I was recently reading an article from Psychology Today entitled, “Why Didn’t You Hear What I Meant to Say?” by Leon F Seltzer, Ph.D., where the author illustrates how people trick themselves into thinking that they’ve adequately communicated with others. As a Marketing Director and Agile Coach, I’ve experienced firsthand how people can fall into the trap of being inadvertently vague, wavering, or completely distracted to the point of inefficiency.
Miscommunication can quickly derail any project. Knowledge Management projects are notoriously rife with miscommunication and confounded expectations. Like every knowledge project, KM can be broad and esoteric, with several different opinions and ideas around implementation. If we’re not careful, this can cause schedule delays and have financial implications. When these issues are not addressed until late in the schedule, each change’s cost can significantly increase because more time, money, and energy is invested in the project. Being a facilitator and an effective communicator amid a pandemic and universal work from home orders is even more challenging. You don’t always benefit from tonality or body language to help guide the conversation, but don’t despair. Utilizing Agile principles can help avoid the pitfalls of miscommunication, enhance visual communication, and encourage developing an environment of cohesion with your team. If you’re unsure how to do this on your own, Agile Coaches, like myself, are here to help you create a culture of productivity and successful communication.
Identify the Pitfalls
Let’s face it, communication challenges in our personal and professional lives existed long before COVID-19. Some people are better at expressing themselves than others, but typically our minds are focused on so many things at one time it can be challenging to hold our attention. Have you ever heard the phrase, “live your truth?” There’s a lot of validity to the term “your truth.” Depending on our experience, mood, intrusive thoughts, etc. we can all be in the same meeting and leave with a completely different understanding of the outcome. Some common pitfalls of miscommunication include:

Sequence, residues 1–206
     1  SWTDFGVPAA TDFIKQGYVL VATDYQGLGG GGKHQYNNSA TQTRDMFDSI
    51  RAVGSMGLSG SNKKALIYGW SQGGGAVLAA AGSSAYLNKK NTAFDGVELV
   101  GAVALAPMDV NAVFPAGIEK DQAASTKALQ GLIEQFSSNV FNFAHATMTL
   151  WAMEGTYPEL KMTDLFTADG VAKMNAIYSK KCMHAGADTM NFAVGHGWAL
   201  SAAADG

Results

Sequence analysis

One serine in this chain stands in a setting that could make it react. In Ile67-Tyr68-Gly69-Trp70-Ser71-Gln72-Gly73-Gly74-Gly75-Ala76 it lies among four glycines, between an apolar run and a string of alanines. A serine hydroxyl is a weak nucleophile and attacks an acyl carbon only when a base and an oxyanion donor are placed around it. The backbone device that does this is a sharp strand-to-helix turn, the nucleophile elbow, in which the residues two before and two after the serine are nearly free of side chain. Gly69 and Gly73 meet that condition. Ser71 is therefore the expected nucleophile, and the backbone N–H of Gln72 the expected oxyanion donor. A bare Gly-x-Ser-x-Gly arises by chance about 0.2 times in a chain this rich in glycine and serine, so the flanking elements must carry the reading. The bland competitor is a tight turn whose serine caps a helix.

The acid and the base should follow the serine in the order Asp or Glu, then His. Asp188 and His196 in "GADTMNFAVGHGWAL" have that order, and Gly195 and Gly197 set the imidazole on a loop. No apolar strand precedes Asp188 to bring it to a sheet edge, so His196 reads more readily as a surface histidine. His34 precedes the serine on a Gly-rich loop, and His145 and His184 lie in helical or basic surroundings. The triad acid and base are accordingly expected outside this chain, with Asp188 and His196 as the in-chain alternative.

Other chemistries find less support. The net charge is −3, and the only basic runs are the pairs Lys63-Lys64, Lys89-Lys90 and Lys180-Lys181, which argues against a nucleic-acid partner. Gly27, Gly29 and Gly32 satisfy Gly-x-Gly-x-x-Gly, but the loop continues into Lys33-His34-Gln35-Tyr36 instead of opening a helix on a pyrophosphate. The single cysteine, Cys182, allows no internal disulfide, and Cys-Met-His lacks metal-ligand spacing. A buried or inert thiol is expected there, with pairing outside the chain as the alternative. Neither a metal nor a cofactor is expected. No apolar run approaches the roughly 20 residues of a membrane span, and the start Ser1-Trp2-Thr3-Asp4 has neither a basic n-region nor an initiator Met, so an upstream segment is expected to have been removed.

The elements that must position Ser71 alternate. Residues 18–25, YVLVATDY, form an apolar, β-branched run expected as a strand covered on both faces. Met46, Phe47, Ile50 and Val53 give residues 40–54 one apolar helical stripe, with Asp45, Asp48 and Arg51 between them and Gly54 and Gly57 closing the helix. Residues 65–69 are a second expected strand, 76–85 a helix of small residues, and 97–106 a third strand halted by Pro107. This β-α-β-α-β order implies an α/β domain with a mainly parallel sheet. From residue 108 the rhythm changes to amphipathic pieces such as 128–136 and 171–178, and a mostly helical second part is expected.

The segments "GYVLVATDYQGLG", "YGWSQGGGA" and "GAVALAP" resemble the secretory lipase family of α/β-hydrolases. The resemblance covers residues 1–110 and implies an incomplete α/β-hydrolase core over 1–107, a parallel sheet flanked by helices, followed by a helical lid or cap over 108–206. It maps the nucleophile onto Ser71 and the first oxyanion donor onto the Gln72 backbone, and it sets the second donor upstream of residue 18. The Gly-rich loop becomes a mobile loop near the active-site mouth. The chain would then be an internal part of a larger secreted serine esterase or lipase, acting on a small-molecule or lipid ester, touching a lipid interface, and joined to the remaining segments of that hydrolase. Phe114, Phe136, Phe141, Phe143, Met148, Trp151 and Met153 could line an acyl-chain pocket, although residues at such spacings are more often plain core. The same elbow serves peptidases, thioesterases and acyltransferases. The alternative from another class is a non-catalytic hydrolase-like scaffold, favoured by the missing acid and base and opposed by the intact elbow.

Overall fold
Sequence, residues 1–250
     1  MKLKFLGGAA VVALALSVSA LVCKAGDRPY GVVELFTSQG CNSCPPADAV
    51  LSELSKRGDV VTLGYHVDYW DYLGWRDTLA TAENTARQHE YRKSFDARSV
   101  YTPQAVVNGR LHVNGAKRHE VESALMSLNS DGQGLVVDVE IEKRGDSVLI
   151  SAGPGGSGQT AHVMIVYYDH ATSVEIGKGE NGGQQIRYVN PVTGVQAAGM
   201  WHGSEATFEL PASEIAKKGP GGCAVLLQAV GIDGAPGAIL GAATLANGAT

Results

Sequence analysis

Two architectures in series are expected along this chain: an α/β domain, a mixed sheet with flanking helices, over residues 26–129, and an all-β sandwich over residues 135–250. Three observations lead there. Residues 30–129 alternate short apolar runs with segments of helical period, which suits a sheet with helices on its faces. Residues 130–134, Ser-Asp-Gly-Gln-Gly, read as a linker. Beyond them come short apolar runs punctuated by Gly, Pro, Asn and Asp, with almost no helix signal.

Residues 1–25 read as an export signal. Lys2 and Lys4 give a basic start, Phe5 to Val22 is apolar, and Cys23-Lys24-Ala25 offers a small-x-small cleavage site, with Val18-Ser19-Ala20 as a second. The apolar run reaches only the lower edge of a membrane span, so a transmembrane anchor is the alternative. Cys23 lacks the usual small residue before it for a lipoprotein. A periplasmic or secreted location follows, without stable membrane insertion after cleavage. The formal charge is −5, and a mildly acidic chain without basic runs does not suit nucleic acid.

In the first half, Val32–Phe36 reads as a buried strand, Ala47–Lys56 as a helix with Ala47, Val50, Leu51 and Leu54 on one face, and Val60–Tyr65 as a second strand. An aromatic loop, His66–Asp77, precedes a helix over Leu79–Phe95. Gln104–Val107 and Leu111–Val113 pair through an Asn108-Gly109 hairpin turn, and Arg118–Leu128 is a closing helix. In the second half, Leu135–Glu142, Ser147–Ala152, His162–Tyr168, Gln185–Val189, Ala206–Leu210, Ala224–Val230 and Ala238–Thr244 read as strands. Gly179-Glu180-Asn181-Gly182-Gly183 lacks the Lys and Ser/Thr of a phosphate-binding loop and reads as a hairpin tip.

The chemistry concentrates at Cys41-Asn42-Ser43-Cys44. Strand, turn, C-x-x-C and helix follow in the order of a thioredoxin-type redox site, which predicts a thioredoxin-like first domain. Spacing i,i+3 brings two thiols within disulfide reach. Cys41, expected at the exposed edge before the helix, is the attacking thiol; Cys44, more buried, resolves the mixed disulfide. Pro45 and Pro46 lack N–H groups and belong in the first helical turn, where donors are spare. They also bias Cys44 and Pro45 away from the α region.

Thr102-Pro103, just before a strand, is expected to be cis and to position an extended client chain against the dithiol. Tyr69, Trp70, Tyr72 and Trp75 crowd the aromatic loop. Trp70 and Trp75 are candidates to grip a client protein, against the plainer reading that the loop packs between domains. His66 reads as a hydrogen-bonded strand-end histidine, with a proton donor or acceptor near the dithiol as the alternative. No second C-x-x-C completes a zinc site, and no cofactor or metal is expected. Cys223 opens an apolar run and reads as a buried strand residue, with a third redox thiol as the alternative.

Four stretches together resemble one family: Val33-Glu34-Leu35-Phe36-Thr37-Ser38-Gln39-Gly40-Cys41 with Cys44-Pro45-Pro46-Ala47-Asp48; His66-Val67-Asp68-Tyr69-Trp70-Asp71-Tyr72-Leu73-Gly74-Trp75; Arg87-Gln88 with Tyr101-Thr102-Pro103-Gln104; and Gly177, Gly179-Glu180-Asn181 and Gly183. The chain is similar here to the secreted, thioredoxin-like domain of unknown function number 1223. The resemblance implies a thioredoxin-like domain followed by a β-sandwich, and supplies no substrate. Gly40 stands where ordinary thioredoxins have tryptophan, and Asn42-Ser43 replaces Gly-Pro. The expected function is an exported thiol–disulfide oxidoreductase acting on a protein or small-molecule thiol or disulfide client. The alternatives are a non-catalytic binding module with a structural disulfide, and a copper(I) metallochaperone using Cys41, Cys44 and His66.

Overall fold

- Inwardly “playing out” a conversation in our head and even writing our own narrative around other people’s thoughts and feelings;
- Telling someone else what we think, so we assume it’s already “out there,” even though it’s been communicated with the wrong person;
- Seeing only our portion of reality and discounting everyone else’s account of the truth; and
- Using vague terms or only expressing thoughts rather than providing feelings and examples.
So how do we stop ourselves and others from falling into the trap?
Stimulate Visual Communication
The first step to improving communication with others is believing that people generally have good intentions. The next is to be proactive and promote a community of transparency and effective communication. A core principle of Agility is that face-to-face conversation is the best form of communication; however, due to the pandemic, in-person meetings are typically not feasible. Don’t be afraid to reinforce the importance of face-to-face contact with your team by promoting video conferencing. However, be aware of the significant missing factor in video calls, non-verbal cues. For example, hearing nervous foot-tapping and watching exaggerated hand gestures can gauge interest, clarity, and rapport. That’s why active listening and empathizing with the speaker to understand what they’re saying is crucial when working remotely. Try paraphrasing in detail to confirm that you understand and clarify the definition of vague terms and idioms. Even when you’re speaking to people in the same language, the meaning of certain words or phrases can be different than our interpretation based on individual experiences. That’s why it never hurts to clarify.